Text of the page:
Netflix so you can watch Breaking Bad, Mad Men, Fargo, etc. also HBO, Showtime
front close bra/light weight stretchy bras
baggy sweatshirts/loose pull on pants
about 5 reachers for all over house
raised toilet seat (I'm 6 feet tall so I really needed it and still love it!)
miralax, suppository dulcolax, citrate, prune juice, fiber one
pen paper to write down meds
extra cushions to make yourself comfortable while sitting in chairs
lots of pillows
long handle I purchased on Amazon to attach to my razor for legs
lumbar pillow for car when you do start driving...you will probably use it higher though like around your mid back to get your neck off of neck cushion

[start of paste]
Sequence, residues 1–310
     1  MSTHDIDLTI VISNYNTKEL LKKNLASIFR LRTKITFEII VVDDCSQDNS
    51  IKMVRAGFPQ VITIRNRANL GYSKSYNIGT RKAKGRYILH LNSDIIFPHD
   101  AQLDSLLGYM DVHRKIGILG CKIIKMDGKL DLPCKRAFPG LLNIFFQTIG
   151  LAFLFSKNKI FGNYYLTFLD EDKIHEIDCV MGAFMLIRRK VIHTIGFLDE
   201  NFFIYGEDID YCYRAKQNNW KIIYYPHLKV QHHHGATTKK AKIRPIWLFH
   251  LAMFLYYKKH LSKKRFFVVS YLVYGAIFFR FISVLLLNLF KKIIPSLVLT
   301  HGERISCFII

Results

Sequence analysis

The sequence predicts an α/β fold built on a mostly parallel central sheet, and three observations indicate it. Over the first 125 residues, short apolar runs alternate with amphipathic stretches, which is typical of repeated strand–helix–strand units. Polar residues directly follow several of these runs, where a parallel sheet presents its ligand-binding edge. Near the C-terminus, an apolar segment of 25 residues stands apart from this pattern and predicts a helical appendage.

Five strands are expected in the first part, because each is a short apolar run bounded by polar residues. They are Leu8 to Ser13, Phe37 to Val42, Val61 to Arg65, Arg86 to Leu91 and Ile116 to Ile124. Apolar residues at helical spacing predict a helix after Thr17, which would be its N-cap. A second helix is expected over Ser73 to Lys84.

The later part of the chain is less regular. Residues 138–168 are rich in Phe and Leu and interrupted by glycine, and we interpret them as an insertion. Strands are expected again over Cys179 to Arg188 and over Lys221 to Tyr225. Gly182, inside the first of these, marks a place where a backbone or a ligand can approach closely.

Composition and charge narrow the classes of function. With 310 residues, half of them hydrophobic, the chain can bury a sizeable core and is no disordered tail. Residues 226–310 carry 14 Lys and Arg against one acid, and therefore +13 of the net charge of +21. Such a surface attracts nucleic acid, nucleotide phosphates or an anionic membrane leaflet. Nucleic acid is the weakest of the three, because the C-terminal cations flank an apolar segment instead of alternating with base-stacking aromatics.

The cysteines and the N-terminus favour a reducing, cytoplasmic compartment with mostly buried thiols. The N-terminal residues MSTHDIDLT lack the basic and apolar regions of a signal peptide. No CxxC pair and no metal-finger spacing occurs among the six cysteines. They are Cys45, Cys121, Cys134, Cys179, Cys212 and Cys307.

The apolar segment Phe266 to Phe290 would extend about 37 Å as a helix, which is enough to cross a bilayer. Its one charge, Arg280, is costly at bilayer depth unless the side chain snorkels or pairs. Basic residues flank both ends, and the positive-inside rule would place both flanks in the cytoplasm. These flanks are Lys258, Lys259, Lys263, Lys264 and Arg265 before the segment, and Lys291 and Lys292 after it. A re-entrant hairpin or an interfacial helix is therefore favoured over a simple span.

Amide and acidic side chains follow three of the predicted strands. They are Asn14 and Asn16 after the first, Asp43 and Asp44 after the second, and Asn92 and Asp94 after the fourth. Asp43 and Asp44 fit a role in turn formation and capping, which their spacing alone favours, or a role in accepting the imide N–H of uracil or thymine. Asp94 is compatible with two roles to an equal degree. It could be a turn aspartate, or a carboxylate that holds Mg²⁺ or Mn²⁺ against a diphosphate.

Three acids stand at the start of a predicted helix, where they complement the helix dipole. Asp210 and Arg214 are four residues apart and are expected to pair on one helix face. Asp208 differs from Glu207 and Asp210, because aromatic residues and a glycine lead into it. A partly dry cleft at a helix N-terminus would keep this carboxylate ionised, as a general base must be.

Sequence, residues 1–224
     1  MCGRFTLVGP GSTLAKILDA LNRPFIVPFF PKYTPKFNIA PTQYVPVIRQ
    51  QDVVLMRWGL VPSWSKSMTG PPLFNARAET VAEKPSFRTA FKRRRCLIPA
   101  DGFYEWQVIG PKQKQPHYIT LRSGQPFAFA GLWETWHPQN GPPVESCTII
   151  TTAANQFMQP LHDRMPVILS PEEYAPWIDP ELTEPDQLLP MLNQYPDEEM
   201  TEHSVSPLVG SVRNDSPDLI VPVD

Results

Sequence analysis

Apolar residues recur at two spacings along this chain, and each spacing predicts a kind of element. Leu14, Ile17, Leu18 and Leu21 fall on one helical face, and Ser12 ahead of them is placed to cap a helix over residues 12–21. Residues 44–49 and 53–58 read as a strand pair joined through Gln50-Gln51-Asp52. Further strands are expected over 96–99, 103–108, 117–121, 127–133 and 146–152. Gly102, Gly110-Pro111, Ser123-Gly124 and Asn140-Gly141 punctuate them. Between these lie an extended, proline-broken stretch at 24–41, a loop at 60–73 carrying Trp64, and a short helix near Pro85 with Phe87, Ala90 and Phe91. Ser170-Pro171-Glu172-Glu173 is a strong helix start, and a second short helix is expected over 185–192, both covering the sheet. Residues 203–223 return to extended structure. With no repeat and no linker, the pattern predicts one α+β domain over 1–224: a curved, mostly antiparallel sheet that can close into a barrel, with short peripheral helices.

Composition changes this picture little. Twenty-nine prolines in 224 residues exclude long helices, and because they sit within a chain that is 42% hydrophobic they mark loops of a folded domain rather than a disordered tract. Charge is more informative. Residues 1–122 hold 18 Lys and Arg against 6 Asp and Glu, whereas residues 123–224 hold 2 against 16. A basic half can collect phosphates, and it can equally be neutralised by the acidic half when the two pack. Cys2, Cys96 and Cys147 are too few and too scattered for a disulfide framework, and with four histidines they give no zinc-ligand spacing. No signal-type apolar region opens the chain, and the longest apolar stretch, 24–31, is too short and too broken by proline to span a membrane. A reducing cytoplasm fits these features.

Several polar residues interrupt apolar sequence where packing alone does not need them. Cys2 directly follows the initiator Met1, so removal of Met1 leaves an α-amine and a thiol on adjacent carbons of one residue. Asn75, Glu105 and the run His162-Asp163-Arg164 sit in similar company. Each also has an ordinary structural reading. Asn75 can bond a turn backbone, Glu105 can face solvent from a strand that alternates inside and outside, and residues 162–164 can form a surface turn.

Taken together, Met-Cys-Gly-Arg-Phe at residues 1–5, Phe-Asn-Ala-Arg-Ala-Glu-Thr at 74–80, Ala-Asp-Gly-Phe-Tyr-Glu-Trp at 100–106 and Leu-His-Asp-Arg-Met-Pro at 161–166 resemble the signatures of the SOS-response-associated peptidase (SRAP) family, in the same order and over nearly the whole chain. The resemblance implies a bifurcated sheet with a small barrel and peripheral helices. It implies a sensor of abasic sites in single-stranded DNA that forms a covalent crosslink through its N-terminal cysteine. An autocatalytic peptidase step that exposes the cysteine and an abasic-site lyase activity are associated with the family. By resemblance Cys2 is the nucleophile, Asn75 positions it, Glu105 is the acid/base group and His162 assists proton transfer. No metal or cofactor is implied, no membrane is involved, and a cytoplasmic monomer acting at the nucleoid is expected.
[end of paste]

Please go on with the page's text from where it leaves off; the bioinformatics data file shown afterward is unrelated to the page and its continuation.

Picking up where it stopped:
You can do this!!!!

This is a very helpful list. Things to keep in mind and very good advice on how to get off pain meds. My surgery is 4/21 so all these posts come really handy. Thank you all for your inputs. Loretta

golfnut
03-17-2015, 04:04 PM
Good luck with your surgery. The list is one of the best I've seen!

ksmom0611
03-18-2015, 03:12 PM
I'm 7 weeks post op and this is what I have found to be the most helpful so far:

Raised toilet seat
grabbers
haven't used the dressing stick yet , but I know I will
sock aide
I started using slippers about 3 weeks post op
button down pajama tops
no bra yet (tried once and started yelling "get it off!" lol)
pillows
adjustable bed has been me savior. I can't imagine doing this without it. I'm still constantly trying to get comfortable and it changes frequently
Netflix
bed tray so you can eat in bed
STRAWS - it's hard to lift a cup to your lips, so straws are a necessity
pillow for the car
spoon to eat rice, etc


Hope this helps!